Dr. Keith Roach: CT scan and stress test are complementary tests
Dear Dr. Roach: Have you heard of the 64-slice test for your heart? Would you recommend it instead of a stress test?
Dear D.F.: You’re asking about a CT scan of the heart. The use of multiple detectors allows the CT scan to get a very high-resolution picture of the heart very quickly. Modern 64-slice detectors can construct an entire 3-D image of the heart in five seconds under optimal conditions. The scan is excellent at detecting calcium in the arteries, which is imperfectly correlated with blockages in the arteries. However, by adding intravenous dye, blockages in the arteries can be detected with accuracy approaching that of a cardiac angiogram. Thus, for the diagnosis of coronary artery disease, a heart CT scan can provide information similar to a stress test.
However, a stress test gives information not only on anatomy, such as blockages, but on physiology, as well. By measuring the amount of time someone can exercise, and the response of the heart rate to that exercise, the cardiologist can gain useful prognostic information, which is impossible to glean from an anatomic test like a CT scan or even a cardiac catheterization and angiogram. The two tests are complementary, and we often obtain both. So, it really depends on the goals of the stress test as to which is preferred.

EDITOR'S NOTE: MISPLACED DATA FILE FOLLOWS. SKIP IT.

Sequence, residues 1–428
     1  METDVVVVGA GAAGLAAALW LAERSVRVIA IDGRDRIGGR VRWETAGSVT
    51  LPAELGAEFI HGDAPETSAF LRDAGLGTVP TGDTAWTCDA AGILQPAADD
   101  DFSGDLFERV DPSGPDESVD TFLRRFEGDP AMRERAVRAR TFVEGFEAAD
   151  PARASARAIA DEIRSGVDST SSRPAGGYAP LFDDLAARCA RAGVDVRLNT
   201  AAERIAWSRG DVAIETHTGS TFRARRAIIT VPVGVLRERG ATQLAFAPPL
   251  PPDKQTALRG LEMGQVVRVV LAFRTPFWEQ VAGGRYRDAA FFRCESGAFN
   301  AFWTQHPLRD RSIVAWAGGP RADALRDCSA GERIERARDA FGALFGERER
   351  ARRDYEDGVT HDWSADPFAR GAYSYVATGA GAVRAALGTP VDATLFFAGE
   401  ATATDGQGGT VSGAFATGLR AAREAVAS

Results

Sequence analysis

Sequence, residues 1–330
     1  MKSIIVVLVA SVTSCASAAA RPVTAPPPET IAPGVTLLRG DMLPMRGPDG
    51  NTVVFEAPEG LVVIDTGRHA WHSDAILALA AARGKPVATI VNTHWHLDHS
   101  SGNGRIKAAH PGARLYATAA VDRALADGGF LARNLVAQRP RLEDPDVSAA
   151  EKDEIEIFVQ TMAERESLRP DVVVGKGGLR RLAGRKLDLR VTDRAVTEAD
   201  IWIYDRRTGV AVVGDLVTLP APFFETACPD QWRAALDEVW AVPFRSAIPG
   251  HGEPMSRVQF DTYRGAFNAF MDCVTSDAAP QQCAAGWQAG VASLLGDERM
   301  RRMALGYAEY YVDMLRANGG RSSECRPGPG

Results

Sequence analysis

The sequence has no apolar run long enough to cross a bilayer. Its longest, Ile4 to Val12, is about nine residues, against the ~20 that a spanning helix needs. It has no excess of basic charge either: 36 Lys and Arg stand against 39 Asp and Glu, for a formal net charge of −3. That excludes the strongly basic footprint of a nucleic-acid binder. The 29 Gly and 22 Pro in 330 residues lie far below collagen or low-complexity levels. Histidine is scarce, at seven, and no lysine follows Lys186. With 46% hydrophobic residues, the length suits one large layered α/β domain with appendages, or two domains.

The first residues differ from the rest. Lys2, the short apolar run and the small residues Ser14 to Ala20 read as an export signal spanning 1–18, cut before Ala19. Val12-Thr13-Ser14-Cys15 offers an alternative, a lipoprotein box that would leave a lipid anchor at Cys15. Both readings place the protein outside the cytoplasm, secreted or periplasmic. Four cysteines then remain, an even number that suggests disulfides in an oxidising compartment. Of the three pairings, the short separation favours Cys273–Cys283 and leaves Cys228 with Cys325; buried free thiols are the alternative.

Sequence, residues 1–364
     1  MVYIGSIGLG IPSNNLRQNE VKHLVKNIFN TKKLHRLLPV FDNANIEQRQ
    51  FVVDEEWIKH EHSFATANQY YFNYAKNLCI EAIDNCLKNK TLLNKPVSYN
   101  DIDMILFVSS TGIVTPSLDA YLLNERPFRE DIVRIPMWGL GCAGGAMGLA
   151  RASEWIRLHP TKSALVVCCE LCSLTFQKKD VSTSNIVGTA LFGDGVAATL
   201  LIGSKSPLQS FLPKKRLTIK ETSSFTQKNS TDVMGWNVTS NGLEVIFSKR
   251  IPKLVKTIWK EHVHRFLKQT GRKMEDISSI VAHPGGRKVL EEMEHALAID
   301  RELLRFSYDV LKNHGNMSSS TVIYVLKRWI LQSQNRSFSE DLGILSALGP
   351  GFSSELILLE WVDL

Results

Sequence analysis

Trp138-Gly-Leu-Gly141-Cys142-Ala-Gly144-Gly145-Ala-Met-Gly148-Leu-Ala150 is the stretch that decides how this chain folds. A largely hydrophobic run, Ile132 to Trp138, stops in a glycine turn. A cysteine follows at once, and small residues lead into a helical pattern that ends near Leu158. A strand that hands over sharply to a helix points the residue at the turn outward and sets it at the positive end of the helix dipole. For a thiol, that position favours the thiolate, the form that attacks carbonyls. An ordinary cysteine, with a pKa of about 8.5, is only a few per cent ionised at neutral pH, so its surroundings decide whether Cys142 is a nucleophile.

Dear Dr. Roach: Recently, my acupuncturist suggested that I try hyaluronic acid capsules for the arthritis in my hands, feet, back, neck and hips. I had heard of hyaluronic acid years ago and checked it out. Since it promotes cell growth, I assume it can’t differentiate from good cells or cancer cells, so I avoided trying it. Is this really safe to take? Thank you.
Dear C.F.: Hyaluronic acid is indicated for use via injection, especially into the knee for arthritis symptoms, but is also used for other purposes, such as a filler in cosmetic surgery. For knee injection, it appears safe and moderately effective. It isn’t thought to work by promoting cell growth, but rather by replacing synovial fluid, a fluid that acts as a kind of shock absorber, protecting the cartilage, bone and nerves of the knee.
There have been studies evaluating oral hyaluronic acid, and one from Japan in 2012 showed a very modest improvement compared with a placebo. I wouldn’t recommend oral hyaluronic acid based on the studies done so far.
There are many reports in basic cancer research on the ability of cancer cells to grow in conditions of high hyaluronic acid; however, this does NOT mean that taking oral hyaluronic acid promotes growth of cancer cells. As far as I can tell, there is no evidence that links oral hyaluronic acid to increased cancer risk.
Dear Dr. Roach: I have breast cancer that has metastasized to my bones. I know that there have been great strides in curing cancer at the original site, but there doesn’t seem to be any work done to help when it has spread. Are you aware of any? I am 87 years old.
Dear L.L.: Once breast cancer — and indeed, most cancers — has spread beyond its original location (metastasized), it becomes much more difficult to cure. However, there have been significant improvements in the treatment of metastatic breast cancer. Cure might not be possible, but a good quality of life for months or years is possible (half of women with metastatic breast cancer will live longer than two years). The exact treatment depends on the pathology and receptor status of the cancer, and a plan needs to be individualized by an experienced oncologist.
Email questions to ToYourGoodHealth@med.cornell.edu.